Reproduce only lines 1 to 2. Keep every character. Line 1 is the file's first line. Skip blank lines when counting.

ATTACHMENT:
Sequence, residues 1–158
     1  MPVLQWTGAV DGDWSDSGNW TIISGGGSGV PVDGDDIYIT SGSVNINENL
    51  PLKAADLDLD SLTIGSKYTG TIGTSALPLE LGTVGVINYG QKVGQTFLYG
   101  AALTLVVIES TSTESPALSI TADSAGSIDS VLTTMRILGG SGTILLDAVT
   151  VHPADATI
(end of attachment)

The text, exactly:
Sequence, residues 1–158
     1  MPVLQWTGAV DGDWSDSGNW TIISGGGSGV PVDGDDIYIT SGSVNINENL